Dribble to Stop Diabetes unites NBA with American Diabetes Association, Sanofi-Aventis
NEW YORK — The National Basketball Association, the Women’s National Basketball Association and the NBA Development League are at the forefront of a new campaign that seeks to raise awareness about diabetes prevention.
Teaming up with the American Diabetes Association and drug maker Sanofi-Aventis, the NBA leagues will participate in the Dribble to Stop Diabetes campaign, which will kick off with a nationally broadcasted public service announcement that will premiere during the NBA All-Star Celebrity Game on ESPN. The announcement will feature campaign ambassadors Dwight Howard of the Orlando Magic, Alana Beard of the Washington Mystics and NBA legends Walt Frazier and Chris Dudley.
As part of the campaign, NBA, WNBA and NBA D-League teams will host Dribble to Stop Diabetes in-arena nights that will include on-court activation and PSAs. Additionally, teams also will provide fans with diabetes educational materials, and Dribble to Stop Diabetes clinics will take place during the 2011 WNBA Finals.
More information about Dribble to Stop Diabetes can be found on the campaign’s newly launched website.
Amicus’ Amigal improves symptoms among Fabry disease patients in trial
CRANBURY, N.J. — Amicus Therapeutics received good results from its mid-stage trial of a drug for a rare, genetic disorder, the drug maker said Wednesday.
Amicus announced results of a phase-2 extension study of the investigational drug Amigal (migalastat hydrochloride) designed to improve kidney function in patients with the enzyme disorder Fabry disease. The study — an extension of the original, three- to six-month phase-2 study — used two criteria to measure kidney function, protein in the urine during a 24-hour period and a commonly used measure called estimated glomerular filtration rate, or eGFR. Twenty-six patients participated in the original study, while 23 enrolled in the extension study.
The company said preliminary data indicated that eGFR was stable after three to four years of treatment with Amigal, while protein levels in the urine also were reduced among patients in the extension study.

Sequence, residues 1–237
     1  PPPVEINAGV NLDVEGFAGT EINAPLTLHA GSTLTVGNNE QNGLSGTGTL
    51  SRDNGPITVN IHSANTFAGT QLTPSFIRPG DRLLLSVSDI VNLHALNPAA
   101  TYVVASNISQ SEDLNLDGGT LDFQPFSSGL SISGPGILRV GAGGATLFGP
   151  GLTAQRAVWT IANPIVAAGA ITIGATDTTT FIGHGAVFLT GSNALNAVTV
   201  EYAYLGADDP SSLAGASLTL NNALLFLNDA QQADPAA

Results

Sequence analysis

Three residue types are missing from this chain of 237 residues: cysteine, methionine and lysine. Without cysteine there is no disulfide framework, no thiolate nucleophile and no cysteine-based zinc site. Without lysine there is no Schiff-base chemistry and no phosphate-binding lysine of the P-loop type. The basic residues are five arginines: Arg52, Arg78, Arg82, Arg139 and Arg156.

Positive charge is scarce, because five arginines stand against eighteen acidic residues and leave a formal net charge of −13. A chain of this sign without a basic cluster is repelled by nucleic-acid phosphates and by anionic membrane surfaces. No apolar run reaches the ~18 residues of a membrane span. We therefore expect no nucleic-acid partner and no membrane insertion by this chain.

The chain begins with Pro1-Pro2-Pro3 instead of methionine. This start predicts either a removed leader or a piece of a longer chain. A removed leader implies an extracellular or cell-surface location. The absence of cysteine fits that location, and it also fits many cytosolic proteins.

The company plans to present study results at the Lysosomal Disease Network WORLD Symposium in Las Vegas this week.
Sanofi-Aventis obtains Genzyme for $20.1 billion
CAMBRIDGE, Mass. — French drug maker Sanofi-Aventis will acquire U.S. biotech giant Genzyme for $20.1 billion, under an agreement the two companies announced Wednesday.
Sanofi has had its eyes on Genzyme since last July, when it offered $18.5 billion, or $69 per share, for the Cambridge, Mass.-based company, but Genzyme initially dismissed Sanofi’s offer as too low. Under the new $74-per-share agreement, Genzyme shareholders will be eligible for additional milestone payments related to the multiple sclerosis treatment Lemtrada (alemtuzumab), or milestone payments related to 2011 production volumes for the Fabry disease drug Fabrazyme (agalsidase beta) and the Gaucher disease drug Cerezyme (imiglucerase).
Sanofi said it plans to make Genzyme its “global center for excellence” in rare diseases. Genzyme has long specialized in treatments for rare, inherited disorders, such as Fabry disease, Gaucher disease and Pompe disease.
Sanofi’s July announcement came not long after Genzyme agreed to pay $175 million to the federal government to address manufacturing problems the Food and Drug Administration found at one of its manufacturing plants in 2009. Those problems led to contamination of supplies of its drugs and nationwide shortages of Fabrazyme and Cerezyme.